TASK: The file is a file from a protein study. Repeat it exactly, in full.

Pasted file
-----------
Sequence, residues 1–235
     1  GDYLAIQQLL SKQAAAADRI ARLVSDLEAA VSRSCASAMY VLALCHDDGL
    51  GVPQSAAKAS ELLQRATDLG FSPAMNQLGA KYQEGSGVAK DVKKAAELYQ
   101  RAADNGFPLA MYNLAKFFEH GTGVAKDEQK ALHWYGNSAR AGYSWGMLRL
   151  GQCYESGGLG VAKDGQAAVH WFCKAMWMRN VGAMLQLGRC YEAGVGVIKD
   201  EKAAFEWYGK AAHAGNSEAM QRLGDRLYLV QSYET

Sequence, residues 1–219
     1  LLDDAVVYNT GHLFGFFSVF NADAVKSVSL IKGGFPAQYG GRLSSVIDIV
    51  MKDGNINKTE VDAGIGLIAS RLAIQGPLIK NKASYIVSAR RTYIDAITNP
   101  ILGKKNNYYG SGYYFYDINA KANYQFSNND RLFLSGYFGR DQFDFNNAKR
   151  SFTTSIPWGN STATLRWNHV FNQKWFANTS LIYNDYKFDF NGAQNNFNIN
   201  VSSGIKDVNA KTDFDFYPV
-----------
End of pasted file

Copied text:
Sequence, residues 1–235
     1  GDYLAIQQLL SKQAAAADRI ARLVSDLEAA VSRSCASAMY VLALCHDDGL
    51  GVPQSAAKAS ELLQRATDLG FSPAMNQLGA KYQEGSGVAK DVKKAAELYQ
   101  RAADNGFPLA MYNLAKFFEH GTGVAKDEQK ALHWYGNSAR AGYSWGMLRL
   151  GQCYESGGLG VAKDGQAAVH WFCKAMWMRN VGAMLQLGRC YEAGVGVIKD
   201  EKAAFEWYGK AAHAGNSEAM QRLGDRLYLV QSYET

Sequence, residues 1–219
     1  LLDDAVVYNT GHLFGFFSVF NADAVKSVSL IKGGFPAQYG GRLSSVIDIV
    51  MKDGNINKTE VDAGIGLIAS RLAIQGPLIK NKASYIVSAR RTYIDAITNP
   101  ILGKKNNYYG SGYYFYDINA KANYQFSNND RLFLSGYFGR DQFDFNNAKR
   151  SFTTSIPWGN STATLRWNHV FNQKWFANTS LIYNDYKFDF NGAQNNFNIN
   201  VSSGIKDVNA KTDFDFYPV